– You can avoid block computations to be collapsed into single expressions in the generated code by disabling the optimization option “Eliminate superfluous local variables (Expression folding)”.

– Since expression folding can dramatically improve the efficiency of generated code, it might not be appropriate to disable it for your entire model. In that case you can declare a specific signal as a Test Point. This will disable code generation opitimizations for this specific signal, without affecting the rest of the model.

Seth Popinchalk replied on : 4 of 8

@Jim Ross, @Thierry – Thanks for the questions… Guy and I talked about this some more and have updated the post with some clarifying comments. Mostly repeated here:

The root cause of this difference is not the RTW Expression Folding option. Turning expression folding off just happens to work around the behavior of the compiler. The right way to prevent the compiler from using extended precision is to provide the compiler flags that force it to do the computation as written.

Allan Baker replied on : 5 of 8

We see this problem often and our models are so complicated we usually have no idea where to begin to resolve it by setting test points or looking at generated code.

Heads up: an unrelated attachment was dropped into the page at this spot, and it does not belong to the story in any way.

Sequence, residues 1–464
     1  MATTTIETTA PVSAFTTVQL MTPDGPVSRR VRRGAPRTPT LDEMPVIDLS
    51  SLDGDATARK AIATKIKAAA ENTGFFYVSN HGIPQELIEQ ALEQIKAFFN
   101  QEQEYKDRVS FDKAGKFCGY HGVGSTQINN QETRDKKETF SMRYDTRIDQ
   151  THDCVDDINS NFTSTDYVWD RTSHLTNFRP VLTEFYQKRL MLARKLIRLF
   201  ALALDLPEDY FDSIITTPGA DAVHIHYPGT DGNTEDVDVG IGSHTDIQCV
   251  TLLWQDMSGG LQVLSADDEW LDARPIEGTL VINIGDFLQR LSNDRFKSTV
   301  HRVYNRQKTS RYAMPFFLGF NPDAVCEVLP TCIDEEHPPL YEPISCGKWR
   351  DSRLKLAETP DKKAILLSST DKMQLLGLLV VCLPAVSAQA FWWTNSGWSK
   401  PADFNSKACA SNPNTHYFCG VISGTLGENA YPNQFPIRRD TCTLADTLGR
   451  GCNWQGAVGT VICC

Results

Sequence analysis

Unfortunately we also don’t have time to change a model to model reference and test each block individually to see if it starts to deviate from compiled code.

Model Advisor usually advises the user to turn on these options which not only cause differences, but also can cause repeated recompiles when parameters are changed. Some thought should be given to adjusting Model Advisor to offer advice to solve this problem.

abirami replied on : 6 of 8

hi i have a ssmall problem with simulink.when i first simulated my induction motor block diagram,it gave an error stating there is no valid compiler. i m presently using matlab 7.6,r2008a. so i installed microsoft visual c++ and sdk from web. now wen i entered mex -setup, it still is not detecting ny compiler. how do i interface da present compiler with matlab? any help will be appreciated. thanks in advance

abirami replied on : 8 of 8

hi again. i need to know one more thing. in the web page u mentioned, it is said i should use microsoft c++ 2005 or 2008(9th prof edition.) but wen i searched the supported compiler site , mine being a 64 bit platform it says i should download and install MS c++2010 along with SDK 7.1. can you please be a more specific as to what i should do? and sdhould i download a seperate c compiler also? it is said in your site.